The Armenians of Aintab

The Armenians of Aintab

The Economics of Genocide in an Ottoman Province

UEmit Kurt
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A Turk' s discovery that Armenians once thrived in his hometown leads to a groundbreaking investigation into the local dynamics of genocide. ? ? mit Kurt, born and raised in Gaziantep, Turkey, was astonished to learn that his hometown once had a large and active Armenian community. The Armenian presence in Aintab, the city' s name during the Ottoman period, had not only been destroyed-it had been replaced. To every appearance, Gaziantep was a typical Turkish city. Kurt digs into the details of the Armenian dispossession that produced the homogeneously Turkish city in which he grew up. In particular, he examines the population that gained from ethnic cleansing. Records of land confiscation and population transfer demonstrate just how much new wealth became available when the prosperous Armenians-who were active in manufacturing, agricultural production, and trade-were ejected. Although the official rationale for the removal of the Armenians was that the group posed a threat of rebellion, Kurt shows that the prospect of material gain was a key motivator of support for the Armenian genocide among the local Muslim gentry and the Turkish public. Those who benefited most-provincial elites, wealthy landowners, state officials, and merchants who accumulated Armenian capital-in turn financed the nationalist movement that brought the modern Turkish republic into being. The economic elite of Aintab was thus reconstituted along both ethnic and political lines. The Armenians of Aintab draws on primary sources from Armenian, Ottoman, Turkish, British, and French archives, as well as memoirs, personal papers, oral accounts, and newly discovered property-liquidation records. Together they provide an invaluable account of genocide at ground level.
Kurt' s superb reconstruction of how Ottoman Armenians were plundered of their homes and businesses shows that everyone was in on it: from greedy locals to opportunistic regional officials to ruthless central leaders. Sealed in stone as well as blood, their criminal bargain forms the shaky foundations of Turkish society-as such bargains do in many countries. -- A. Dirk Moses, author of The Problems of Genocide: Permanent Security and the Language of Transgression A unique contribution and a brilliant crystallization of insights from recent scholarship on the Armenian genocide. Kurt methodically excavates and reconstructs the case of the Armenians of Aintab as a microcosm for the empire before, during, and after the catastrophic events of 1915. The result is a clear, straightforward, and powerful narrative history as illuminating as it is disturbing. Parts of this tale take one' s breath away. -- Christine M. Philliou, author of Turkey: A Past Against History A major contribution to our understanding of the Armenian Genocide that will be of great interest to those studying not only the genocide itself but also the role of property expropriation in genocide generally. As Kurt convincingly shows, the Armenian Genocide and its redistribution of wealth to local Turkish and other Muslim groups helped ' nationalize' the economy and create new, local elites. I highly recommend this book. -- Stefan Ihrig, author of Justifying Genocide: Germany and the Armenians from Bismarck to Hitler In a perfect illustration of a local story yielding broad historical insights, Kurt illuminates the Armenian Question in all its dimensions. In examining the elimination of the Armenians of Aintab by local Muslim elites, he follows the birth of family fortunes built on the looting of Armenian property, and often the murder of neighbors. His book is a prime example of the work of a new generation of Ottoman Empire historians who fearlessly tackle taboo subjects and utilize sources well beyond official archives. -- Raymond H. Kevorkian, author of The Armenian Genocide: A Complete History This important, well-written book sheds much-needed light on the late Ottoman state and the Armenian genocide. Kurt shows that genocide is for the perpetrators a creative as much as a destructive endeavor. As well as eradicating the Armenian community, deportation was also a means of reorienting the Muslim population to a new ideological identity. Plunder was a way of creating a Turkic-Muslim bourgeoisie as a driver of national modernization in a Darwinian world of struggle. -- Donald Bloxham, author of The Great Game of Genocide: Imperialism, Nationalism, and the Destruction of the Ottoman Armenians A beautifully written, richly sourced exploration of the expulsion and destruction of the Armenian community of Aintab. Enduring family fortunes were built on state-sanctioned expulsions and theft of assets, a story that could, and should, be told about other post-Ottoman peoples and lands. This is an exemplary late Ottoman social history of a prosperous, but also deeply traumatized, provincial town, and probably the best book ever published about Antep. -- Michael Provence, author of The Last Ottoman Generation and the Making of the Modern Middle East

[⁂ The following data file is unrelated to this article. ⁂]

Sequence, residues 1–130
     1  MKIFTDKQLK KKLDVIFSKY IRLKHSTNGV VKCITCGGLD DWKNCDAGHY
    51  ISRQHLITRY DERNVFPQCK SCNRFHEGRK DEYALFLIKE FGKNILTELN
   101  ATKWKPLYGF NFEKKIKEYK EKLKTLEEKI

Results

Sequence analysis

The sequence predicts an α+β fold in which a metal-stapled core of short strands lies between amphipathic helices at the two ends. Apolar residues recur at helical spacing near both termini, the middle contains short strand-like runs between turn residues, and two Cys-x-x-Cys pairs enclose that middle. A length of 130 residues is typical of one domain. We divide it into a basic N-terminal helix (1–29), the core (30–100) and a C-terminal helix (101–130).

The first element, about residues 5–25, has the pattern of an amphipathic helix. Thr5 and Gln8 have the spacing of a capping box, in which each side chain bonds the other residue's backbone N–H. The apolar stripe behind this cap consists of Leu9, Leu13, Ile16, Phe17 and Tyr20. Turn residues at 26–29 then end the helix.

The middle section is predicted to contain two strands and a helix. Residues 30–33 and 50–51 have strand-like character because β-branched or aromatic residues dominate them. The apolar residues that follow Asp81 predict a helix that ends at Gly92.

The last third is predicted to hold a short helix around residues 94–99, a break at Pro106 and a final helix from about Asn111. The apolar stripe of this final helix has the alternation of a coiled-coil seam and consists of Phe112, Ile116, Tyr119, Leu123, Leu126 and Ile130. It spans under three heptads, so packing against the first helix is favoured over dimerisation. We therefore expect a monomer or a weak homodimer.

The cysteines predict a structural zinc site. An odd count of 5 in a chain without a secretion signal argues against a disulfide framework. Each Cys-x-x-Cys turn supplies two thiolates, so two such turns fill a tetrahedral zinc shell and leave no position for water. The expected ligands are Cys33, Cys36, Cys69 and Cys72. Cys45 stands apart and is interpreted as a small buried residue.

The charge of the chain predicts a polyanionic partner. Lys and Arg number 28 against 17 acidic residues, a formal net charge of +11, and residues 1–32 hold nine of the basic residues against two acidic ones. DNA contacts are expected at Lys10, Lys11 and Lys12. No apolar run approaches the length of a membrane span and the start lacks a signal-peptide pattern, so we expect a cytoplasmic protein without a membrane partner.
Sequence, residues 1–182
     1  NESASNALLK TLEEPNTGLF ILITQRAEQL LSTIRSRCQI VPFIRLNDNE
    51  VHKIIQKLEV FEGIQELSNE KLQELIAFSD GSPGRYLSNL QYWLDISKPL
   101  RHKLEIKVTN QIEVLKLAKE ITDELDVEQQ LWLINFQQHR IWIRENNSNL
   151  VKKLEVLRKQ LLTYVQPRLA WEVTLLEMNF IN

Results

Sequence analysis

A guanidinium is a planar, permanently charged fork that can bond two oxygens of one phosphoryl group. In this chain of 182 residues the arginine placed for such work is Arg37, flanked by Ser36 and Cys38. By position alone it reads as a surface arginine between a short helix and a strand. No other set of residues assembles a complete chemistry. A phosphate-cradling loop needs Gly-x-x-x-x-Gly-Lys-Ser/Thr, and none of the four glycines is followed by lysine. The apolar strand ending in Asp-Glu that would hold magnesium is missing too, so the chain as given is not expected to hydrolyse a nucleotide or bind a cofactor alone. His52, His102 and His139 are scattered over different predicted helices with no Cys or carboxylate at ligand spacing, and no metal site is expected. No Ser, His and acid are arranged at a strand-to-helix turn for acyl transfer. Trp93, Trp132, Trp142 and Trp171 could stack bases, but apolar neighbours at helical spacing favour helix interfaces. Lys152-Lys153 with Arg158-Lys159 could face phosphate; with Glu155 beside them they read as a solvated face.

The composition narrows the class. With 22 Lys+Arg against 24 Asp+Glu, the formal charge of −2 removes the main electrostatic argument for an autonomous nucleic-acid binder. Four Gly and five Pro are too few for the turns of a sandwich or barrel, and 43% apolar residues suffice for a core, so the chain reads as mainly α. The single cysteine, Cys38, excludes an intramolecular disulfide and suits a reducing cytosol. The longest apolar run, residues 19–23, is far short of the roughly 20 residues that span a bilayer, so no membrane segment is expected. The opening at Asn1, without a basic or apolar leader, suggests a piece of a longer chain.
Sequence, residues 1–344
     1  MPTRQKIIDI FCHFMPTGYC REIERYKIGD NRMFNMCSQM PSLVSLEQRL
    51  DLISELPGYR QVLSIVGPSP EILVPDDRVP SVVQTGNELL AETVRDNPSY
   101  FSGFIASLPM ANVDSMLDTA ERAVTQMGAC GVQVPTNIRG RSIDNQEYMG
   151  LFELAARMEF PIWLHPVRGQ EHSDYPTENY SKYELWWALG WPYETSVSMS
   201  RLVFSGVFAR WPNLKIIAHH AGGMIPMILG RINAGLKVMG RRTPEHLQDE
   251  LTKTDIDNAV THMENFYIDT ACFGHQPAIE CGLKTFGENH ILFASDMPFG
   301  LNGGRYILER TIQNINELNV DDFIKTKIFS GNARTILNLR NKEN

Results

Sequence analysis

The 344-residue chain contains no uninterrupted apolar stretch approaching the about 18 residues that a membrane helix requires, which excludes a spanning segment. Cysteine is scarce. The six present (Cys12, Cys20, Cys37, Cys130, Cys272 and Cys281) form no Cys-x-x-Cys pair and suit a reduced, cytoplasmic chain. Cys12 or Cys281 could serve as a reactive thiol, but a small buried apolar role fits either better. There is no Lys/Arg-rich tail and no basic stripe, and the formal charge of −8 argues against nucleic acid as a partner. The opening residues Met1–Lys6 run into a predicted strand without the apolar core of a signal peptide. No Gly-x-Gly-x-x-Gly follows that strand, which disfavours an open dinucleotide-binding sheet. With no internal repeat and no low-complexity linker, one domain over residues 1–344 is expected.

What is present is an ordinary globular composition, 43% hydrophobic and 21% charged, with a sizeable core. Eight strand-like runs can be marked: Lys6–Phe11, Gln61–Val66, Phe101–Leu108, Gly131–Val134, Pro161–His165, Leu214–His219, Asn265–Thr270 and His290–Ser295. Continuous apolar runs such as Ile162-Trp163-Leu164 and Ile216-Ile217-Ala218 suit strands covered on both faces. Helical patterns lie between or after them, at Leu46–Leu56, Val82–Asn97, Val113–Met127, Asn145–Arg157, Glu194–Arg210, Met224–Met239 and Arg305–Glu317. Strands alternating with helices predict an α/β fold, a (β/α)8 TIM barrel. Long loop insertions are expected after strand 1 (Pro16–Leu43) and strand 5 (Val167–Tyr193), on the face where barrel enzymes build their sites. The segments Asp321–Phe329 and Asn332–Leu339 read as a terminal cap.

UEmit Kurt is Polonsky Fellow at the Van Leer Jerusalem Institute and teaches in the Department of Middle Eastern and African History at the University of Tel Aviv. He is author of several books in Turkish and English, including The Spirit of the Laws: The Plunder of Wealth in the Armenian Genocide.